In 1968, President Lyndon B. Johnson designated the third Monday of each February (next Monday) as Presidents Day, proclaiming it a federal holiday. Ever since then, the states have honored that day in one way or another. Some states use the occasion to celebrate all our past presidents. A few states, at least officially, only pay homage to George Washington and no other commander in chief. But most states mark the day to honor both George and our 16th president, ol’ Abe Lincoln.
That these two presidents should be singled out from all our other leaders seems justified. After all, but for the trials, decisions and inspiration of these gentlemen, there wouldn’t even be a United States of America. At least, certainly not a U.S. of A. that’s anything like we know today.
The Continental Congress placed Honest George in command of the Continental Army. That was smart. George was an excellent military strategist who inspired confidence in his men and somehow managed to hold the tenuous, ragtag army together. Had he not defeated Great Britain, the colonies simply would have become part of England’s Commonwealth and Spain would have retained control of California and the Southwest in general. What would have evolved out of that mess is anybody’s guess.
George also presided over the Philadelphia Constitutional Convention and was quite involved in writing that document. Furthermore, the respect he had among the Southern Constituents, who kept threatening to walk out and trash the whole party, helped hold our fragile nation together.
On the other hand, Abraham Lincoln, the first Republican elected to the presidency, led the U.S. through its greatest internal crisis. If he hadn’t won the Civil War, America would have disintegrated. Yet, he had a difficult time convincing a large part of the Northern electorate that military action and a military draft were necessary. At the time, most Democrats were against the war, feeling it was a failure and a waste. (Interestingly enough, that’s how many Democrats have felt about very war this nation has fought in since World War II.)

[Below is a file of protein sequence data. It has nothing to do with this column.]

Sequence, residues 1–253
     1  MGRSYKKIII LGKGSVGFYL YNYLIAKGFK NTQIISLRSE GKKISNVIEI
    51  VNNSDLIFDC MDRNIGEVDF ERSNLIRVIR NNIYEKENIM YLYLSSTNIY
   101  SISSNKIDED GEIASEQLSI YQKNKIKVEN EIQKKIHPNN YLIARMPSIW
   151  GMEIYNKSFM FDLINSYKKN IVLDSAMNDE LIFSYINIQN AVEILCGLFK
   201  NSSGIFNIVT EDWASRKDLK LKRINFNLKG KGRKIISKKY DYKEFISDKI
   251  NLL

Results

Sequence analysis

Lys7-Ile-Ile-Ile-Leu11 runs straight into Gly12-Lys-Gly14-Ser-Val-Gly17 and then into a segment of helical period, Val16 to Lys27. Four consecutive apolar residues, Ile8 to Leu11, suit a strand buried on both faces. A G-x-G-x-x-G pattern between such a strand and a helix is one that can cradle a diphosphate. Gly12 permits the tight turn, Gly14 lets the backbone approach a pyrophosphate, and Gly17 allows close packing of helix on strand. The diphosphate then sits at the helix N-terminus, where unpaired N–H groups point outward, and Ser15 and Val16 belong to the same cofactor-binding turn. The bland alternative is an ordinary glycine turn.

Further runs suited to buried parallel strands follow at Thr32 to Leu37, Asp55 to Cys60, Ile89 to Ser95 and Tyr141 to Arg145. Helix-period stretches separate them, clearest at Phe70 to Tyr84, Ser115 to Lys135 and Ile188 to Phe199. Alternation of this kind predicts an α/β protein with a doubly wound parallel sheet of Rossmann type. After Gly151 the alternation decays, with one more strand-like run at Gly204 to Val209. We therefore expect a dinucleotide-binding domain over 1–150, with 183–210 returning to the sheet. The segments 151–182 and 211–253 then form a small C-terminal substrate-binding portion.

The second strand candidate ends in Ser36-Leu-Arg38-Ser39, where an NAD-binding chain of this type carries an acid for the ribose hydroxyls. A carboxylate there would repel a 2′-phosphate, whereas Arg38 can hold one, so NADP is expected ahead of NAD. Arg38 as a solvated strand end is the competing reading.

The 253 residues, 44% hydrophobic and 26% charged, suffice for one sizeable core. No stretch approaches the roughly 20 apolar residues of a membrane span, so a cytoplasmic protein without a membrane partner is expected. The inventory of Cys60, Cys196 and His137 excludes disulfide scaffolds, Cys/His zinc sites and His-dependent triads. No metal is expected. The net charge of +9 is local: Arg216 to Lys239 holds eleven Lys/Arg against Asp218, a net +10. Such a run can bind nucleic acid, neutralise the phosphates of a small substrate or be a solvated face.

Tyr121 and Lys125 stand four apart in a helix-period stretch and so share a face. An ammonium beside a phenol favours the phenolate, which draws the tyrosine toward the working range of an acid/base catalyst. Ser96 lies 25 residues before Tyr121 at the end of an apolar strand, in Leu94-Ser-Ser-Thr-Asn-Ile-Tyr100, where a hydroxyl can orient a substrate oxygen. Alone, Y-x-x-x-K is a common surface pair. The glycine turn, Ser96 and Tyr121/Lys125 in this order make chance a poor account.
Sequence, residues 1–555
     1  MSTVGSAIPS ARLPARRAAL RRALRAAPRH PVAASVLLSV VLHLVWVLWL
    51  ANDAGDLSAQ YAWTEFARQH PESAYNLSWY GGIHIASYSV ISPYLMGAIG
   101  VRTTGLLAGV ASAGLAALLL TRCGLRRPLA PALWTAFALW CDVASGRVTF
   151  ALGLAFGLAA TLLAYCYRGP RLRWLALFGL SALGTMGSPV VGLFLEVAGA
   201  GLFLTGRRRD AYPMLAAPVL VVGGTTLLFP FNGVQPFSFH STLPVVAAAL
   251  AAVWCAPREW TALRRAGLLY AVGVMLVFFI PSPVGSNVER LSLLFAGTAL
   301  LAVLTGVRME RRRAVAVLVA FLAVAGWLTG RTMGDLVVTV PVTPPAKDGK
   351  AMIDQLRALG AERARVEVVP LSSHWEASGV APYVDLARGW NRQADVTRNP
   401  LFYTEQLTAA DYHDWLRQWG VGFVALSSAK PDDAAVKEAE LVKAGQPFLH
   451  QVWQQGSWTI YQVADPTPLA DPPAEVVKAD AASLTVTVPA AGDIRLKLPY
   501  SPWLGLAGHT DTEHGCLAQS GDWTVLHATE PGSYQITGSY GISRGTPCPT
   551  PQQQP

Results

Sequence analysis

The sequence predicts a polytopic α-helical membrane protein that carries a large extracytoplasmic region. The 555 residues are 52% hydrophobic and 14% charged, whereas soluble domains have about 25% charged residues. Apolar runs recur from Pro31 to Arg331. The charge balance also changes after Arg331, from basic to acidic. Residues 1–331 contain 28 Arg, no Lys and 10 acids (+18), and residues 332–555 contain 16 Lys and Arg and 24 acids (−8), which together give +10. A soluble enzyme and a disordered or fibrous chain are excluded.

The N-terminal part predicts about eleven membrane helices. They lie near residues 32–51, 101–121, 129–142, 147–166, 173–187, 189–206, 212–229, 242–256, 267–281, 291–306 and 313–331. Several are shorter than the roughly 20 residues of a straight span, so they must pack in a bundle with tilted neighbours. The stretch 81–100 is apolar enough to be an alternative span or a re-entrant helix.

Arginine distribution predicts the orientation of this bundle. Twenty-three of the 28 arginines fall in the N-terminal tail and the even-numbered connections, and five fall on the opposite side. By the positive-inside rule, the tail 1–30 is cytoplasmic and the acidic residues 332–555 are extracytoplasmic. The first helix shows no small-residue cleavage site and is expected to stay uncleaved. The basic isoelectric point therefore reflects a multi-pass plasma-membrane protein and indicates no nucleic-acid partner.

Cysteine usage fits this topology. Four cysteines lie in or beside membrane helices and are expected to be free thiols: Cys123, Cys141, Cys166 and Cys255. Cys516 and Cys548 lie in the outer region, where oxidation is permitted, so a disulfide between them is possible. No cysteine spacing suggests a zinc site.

Make no mistake, Abe closely supervised the war effort and tactics. He and General Ulysses S. Grant agreed on battlefield strategy – a strategy that most other Union generals disagreed with. One of those generals –Meade, if memory serves me correctly – admitted to Lincoln that Grant won battles, but complained that Grant was drunk half the time. Responded Lincoln: “Well then, I suggest you give a bottle of whatever he’s drinking to all our other generals!”
Then there was the matter of slavery. George actually owned about 317 people and, even though he wasn’t particular supportive of slavery and probably wished it would be abolished, he didn’t free them until his death. However, Lincoln was always a forcible, outspoken opponent of slavery and, with the signing of the Emancipation Proclamation, brought it to an end.
Political scientists and historians, who are supposed to know about such things, agree that our greatest president was either Washington or Lincoln. They just disagree about which one. But there is universal agreement that our third greatest president was Franklin D. Roosevelt, who led this country through the Great Depression and World War II.
You wanna know about FDR? No need to resort to textbooks or the Internet. Just ask anyone who’s about 75 or 80 years old.